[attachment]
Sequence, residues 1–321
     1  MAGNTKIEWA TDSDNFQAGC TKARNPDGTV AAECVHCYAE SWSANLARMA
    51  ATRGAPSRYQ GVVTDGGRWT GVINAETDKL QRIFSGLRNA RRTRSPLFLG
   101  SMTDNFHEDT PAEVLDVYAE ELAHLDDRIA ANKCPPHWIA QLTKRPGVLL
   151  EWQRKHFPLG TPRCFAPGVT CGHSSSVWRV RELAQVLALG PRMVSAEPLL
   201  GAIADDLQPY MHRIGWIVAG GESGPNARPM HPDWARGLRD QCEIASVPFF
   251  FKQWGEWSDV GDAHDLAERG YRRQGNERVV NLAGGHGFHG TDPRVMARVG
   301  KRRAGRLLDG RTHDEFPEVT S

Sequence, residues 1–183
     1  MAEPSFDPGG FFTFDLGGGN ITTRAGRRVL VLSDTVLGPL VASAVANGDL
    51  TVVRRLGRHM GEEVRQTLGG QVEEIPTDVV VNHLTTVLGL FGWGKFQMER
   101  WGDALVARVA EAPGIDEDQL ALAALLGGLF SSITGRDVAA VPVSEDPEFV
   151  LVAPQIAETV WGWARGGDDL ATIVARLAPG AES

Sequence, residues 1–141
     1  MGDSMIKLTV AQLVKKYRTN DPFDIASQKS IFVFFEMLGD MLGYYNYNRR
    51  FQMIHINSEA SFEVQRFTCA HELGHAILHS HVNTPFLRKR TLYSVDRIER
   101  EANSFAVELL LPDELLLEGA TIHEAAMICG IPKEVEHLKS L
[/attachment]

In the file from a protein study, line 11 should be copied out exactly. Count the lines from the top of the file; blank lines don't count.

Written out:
    51  TVVRRLGRHM GEEVRQTLGG QVEEIPTDVV VNHLTTVLGL FGWGKFQMER